I panicked. Having forgotten my cell phone in the house, I ran to retrieve it. I immediately called Terry, helpless in Pennsylvania to do anything about this dilemma. He could barely understand my desperate voice, screaming we had an emergency, not knowing what to do with an 1800 pound horse with powerful hindquarters stuck five feet in the air. Duke's tie was broken, undoubtably trying to get away from Lincoln's hind end. After hanging up with Terry, who promised to call a good neighbor, I grabbed Duke to put him out, fearing I would need the room to work to get Lincoln on his legs again.
Within 30 seconds of putting Duke out, Lincoln had once again found the floor, straddling the divider! Why had I not retrieved the camera while in the house after the phone? What a sight!
Figuring my only hope at extricating Lincoln was the use of a chain saw, I decided it would benefit me to move Diesel outside, too, now dancing and snorting at what he must have determined to be Lincoln's naughtiness.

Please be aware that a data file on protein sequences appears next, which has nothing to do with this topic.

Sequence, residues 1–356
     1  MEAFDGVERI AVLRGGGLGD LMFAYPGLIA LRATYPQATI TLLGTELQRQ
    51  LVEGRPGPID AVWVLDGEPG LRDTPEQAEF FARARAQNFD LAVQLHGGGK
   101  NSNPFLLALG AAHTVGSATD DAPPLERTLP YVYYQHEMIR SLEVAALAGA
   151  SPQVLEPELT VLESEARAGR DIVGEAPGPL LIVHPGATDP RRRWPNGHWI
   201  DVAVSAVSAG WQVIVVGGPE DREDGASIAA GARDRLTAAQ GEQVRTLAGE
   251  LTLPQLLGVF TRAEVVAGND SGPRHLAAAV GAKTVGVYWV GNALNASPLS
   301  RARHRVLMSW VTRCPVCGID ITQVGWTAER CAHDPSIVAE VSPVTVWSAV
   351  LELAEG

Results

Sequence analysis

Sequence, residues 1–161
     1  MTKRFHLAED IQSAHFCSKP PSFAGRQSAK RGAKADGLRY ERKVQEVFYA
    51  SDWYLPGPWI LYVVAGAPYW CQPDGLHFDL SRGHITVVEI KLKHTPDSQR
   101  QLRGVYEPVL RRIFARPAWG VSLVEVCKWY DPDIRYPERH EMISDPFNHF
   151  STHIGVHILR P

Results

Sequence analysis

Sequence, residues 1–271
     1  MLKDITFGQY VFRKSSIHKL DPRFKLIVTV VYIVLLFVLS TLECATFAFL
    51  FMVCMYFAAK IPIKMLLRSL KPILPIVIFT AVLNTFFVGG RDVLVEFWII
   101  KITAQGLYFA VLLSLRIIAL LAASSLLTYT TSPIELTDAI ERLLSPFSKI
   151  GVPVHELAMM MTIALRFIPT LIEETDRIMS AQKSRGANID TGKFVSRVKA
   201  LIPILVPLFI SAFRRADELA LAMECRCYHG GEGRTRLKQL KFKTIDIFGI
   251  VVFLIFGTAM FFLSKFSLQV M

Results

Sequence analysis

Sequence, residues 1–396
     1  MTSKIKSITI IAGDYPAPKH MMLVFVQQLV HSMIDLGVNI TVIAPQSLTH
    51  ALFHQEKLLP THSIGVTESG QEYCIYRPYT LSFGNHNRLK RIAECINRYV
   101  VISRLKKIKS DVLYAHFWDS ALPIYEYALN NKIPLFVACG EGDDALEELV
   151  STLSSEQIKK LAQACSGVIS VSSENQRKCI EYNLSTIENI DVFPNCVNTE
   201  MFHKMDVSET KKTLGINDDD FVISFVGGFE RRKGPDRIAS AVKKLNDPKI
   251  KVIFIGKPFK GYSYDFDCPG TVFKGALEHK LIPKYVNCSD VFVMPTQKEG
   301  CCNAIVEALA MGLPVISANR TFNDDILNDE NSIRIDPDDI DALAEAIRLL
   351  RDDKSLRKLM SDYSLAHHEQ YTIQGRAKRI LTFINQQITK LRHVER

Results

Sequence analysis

As I said before, wish I had had a camera: by the time I once again got back to plot Lincoln's rescue, he had somehow hopped the divider, and was standing in his stall, with a look on his face that said, "Why you huffin' and puffin' so bad? Let's EAT!" All this, and not a mark on him.
The morning doesn't end there, however. While going about my morning chores (at a much more relaxed pace, I may add), I discovered my beloved pet English Game Bantam hen, Belinda, had passed away in the night. Such sadness I felt to open the door to her little bantam house to find her cold and lifeless. I shall miss her horribly, and I am sure her rooster, Herman, feels lost without her. Goodbye, Belinda.
Hay Diary -
The bays and Dolly finished the round bale in their paddock as of yesterday morning, Monday November 30. Because the greys are bathed and blanketed, they are spending more time in the barn, so I moved the three into the grey's paddock. That paddock still has some hay in the feeder, and I will let them finish it. Meanwhile, the four greys and the two ponies are consuming approximately 4 1/2 bales of hay a day.